It’s a busy day down there
as I peer over the bridge wall.
Along the lane I’ve enjoyed the blue sky,
the sun in my face as I walked, screwing my eyes,
the swoop of the swallows, chant of yellowhammers.
Now I’m leaning on these old stones
to gaze down into another world.
Fringed by ferns and loosestrife and hemp agrimony
the surface of the idling stream,
deep pooled and slow-moving here, is
pulsating with gold and silver whirligigs,
each one a splinter of sunlight unexpectedly mobile,
a dot of raw energy spinning around.
Above them bright damselflies float and whisper,
meeting and mating, delighting in the mix of sun and shade.
Now and again they settle, straight-winged,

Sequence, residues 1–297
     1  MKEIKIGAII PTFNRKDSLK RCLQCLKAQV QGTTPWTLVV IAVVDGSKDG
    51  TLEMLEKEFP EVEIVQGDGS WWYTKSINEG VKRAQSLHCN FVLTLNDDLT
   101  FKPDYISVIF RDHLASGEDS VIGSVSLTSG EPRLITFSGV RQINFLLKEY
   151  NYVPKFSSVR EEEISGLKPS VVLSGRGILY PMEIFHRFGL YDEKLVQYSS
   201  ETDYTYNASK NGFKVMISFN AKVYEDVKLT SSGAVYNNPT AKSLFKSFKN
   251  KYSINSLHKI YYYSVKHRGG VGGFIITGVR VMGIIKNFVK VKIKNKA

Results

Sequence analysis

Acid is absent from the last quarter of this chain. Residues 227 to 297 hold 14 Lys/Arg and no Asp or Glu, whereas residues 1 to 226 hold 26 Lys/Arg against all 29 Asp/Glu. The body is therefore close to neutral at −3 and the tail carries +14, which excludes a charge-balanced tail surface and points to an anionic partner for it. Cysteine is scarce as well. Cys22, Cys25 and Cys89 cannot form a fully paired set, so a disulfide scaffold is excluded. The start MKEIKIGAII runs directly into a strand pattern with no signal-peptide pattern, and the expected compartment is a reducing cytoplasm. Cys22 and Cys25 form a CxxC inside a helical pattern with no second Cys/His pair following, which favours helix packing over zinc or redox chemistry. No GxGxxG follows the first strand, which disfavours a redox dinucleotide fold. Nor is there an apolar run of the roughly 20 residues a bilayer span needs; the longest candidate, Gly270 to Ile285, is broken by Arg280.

just for a moment on some leaf or frond,
till perhaps a shadow crosses
to make them lift away. Today’s bright sun
has inspired all this busy motion. None of it was here
when yesterday I made the same walk under cloud, but now
it’s a busy day down there,
and everything seems to be dancing.
Meanwhile, down below where the dark water drifts,
it is business as usual at a deeper level.
There are other creatures moving, unseen by me,
nor, I suppose, by those sun-struck whirligigs and damsels:
the stream’s hunters continue to ply their stealthy trade
today as yesterday, and as every day.
Their community of violence does not reference the sun;
they do not seek or need the light.